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Red Brethren: the Brothertown and Stockbridge Indians and the Problem of Race in Early America (10 Edition)by David J. Silverman
Synopses & ReviewsPlease note that used books may not include additional media (study guides, CDs, DVDs, solutions manuals, etc.) as described in the publisher comments.
Peter J. Seymour was a Salish storyteller. He carried forward earlier tales of elders along with his own experiences as fewer and fewer native speakers were sharing the Colville-Okanagan language and oral literature. To thwart the demise of this language, over the course of a decade he passed along Salish stories not only to his family but also to linguist Anthony Mattina.
The Complete Seymour: Colville Storyteller includes Seymourand#8217;s tales collected in the late 1960s and early 1970s, before his death. It documents Seymourand#8217;s rich storytelling and includes detailed morphological analyses and translations of this endangered language. This collection is an important addition to the canon of Native American narratives and literature and an essential volume for anyone studying Salish languages and linguistics.
Book News Annotation:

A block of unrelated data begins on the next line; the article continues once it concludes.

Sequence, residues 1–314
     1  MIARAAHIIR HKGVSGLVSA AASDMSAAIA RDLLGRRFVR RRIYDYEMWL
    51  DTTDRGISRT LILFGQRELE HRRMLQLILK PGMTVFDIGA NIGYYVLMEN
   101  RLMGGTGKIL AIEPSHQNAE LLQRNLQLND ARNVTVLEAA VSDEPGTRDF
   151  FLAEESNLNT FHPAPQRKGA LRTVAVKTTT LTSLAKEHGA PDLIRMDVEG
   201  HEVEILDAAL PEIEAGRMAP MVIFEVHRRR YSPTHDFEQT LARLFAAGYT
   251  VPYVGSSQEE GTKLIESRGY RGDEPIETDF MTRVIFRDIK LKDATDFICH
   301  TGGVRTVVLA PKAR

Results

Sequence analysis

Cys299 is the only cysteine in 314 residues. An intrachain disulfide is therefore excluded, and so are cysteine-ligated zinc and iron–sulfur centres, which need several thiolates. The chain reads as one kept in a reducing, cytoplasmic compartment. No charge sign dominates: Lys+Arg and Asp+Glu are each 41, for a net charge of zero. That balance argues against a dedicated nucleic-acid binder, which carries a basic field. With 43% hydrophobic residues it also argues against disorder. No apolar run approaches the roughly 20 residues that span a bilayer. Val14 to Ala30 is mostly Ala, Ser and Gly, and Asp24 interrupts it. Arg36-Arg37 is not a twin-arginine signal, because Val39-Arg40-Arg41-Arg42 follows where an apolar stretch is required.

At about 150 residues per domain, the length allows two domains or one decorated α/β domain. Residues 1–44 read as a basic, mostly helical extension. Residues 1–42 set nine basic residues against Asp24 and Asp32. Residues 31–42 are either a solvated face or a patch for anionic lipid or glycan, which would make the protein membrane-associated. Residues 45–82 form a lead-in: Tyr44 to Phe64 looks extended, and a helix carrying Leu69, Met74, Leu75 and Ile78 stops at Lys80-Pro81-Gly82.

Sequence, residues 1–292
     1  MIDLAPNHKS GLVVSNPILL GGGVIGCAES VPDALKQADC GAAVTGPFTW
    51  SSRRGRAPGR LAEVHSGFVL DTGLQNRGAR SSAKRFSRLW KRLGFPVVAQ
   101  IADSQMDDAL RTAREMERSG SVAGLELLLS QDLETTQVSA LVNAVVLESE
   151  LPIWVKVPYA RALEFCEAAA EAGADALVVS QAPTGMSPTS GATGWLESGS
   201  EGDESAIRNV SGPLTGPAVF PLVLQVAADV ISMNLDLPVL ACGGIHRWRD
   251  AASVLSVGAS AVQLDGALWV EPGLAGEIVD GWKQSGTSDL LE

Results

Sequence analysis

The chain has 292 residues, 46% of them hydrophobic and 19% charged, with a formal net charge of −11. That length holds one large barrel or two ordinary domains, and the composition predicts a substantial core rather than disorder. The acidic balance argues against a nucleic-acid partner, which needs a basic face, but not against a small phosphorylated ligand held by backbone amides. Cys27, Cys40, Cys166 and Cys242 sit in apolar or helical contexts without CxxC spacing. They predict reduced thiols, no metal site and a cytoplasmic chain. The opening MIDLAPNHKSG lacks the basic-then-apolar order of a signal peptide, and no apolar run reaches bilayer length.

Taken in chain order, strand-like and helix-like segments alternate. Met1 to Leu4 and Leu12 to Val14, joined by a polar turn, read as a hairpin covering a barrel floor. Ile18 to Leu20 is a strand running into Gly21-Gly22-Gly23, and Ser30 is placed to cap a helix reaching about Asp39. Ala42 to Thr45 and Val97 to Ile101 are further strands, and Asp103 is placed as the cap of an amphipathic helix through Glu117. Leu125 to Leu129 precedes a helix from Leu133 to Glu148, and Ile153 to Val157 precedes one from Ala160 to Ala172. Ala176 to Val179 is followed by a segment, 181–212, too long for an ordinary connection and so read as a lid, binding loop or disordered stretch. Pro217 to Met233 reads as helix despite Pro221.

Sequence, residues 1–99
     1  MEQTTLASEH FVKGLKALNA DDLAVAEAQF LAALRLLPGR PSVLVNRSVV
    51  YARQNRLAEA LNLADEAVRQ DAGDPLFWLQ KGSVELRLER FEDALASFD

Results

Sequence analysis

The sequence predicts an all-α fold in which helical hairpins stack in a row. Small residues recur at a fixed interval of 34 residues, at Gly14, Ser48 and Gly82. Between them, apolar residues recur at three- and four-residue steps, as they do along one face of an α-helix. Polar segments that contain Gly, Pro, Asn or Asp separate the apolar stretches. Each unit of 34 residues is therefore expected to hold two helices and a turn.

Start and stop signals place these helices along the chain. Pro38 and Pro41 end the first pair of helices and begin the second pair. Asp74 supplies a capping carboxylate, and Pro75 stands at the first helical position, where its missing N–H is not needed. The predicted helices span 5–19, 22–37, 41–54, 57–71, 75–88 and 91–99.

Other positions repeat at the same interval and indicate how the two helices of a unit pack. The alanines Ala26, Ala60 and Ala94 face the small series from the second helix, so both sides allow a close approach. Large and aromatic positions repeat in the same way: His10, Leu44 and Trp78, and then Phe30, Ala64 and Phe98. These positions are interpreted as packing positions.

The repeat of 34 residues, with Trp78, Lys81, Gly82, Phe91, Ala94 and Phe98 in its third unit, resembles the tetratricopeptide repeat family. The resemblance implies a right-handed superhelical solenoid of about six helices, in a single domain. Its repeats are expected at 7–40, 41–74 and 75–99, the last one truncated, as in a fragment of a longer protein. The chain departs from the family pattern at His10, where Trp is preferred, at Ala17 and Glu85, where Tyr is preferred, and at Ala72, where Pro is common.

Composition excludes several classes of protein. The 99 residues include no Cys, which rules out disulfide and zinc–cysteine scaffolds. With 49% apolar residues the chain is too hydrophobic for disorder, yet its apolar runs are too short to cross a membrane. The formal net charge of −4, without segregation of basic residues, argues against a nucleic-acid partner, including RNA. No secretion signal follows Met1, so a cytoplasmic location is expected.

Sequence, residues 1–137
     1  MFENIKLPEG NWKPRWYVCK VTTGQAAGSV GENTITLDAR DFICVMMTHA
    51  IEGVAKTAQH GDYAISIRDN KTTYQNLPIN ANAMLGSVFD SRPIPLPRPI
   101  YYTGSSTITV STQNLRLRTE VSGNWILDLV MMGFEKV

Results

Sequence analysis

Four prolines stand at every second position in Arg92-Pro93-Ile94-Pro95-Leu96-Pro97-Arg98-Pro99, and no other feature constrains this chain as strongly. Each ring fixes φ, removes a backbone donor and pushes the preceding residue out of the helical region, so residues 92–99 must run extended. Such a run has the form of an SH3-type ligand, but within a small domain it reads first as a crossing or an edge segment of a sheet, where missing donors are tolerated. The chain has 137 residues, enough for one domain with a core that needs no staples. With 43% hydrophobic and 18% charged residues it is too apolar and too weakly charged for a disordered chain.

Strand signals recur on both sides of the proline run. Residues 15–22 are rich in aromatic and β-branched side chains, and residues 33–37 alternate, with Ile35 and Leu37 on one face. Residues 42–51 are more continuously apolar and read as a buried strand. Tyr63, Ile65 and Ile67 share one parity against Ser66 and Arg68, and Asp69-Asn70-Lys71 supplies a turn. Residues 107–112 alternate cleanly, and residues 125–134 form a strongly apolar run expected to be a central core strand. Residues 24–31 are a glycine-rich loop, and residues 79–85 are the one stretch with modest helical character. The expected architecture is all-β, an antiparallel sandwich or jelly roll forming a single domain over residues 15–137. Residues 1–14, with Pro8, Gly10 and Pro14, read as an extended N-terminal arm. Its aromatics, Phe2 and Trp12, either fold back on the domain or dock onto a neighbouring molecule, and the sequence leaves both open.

From the arrival of the first Europeans on the eastern shore of what is now the US, Native Americans had to face the problem of adapting to the expansion of European colonies. For this book, Silverman (history, George Washington U.) looks at the multi-tribal Brothertown and Stockbridge communities, formed originally in New England in the 18th century by Native Americans who had adopted Christianity. The author shows how cultural and political pressure from whites spurred the development of an Indian identity among the Brothertowns and Stockbridges, and shows how the many accommodations that these communities made to white culture never erased their differences from white society, and could not prevent the communities from being pushed off their homelands. Annotation ©2011 Book News, Inc., Portland, OR (booknews.com)
About the Author
Peter J. Seymour was a farmer, family man, hunter, jockey, and storyteller. Anthony Mattina is a professor of linguistics, emeritus, at the University of Montanaand#8211;Missoula. He is the author of Colville-Okanagan Dictionary and the editor and co-translator (with Madeline DeSautel) of The Golden Woman: The Colville Narrative of Peter J. Seymour. Madeline DeSautel (1888and#8211;1979) was a native speaker of Colville-Okanagan. She and Anthony Mattina have co-translated two publications.
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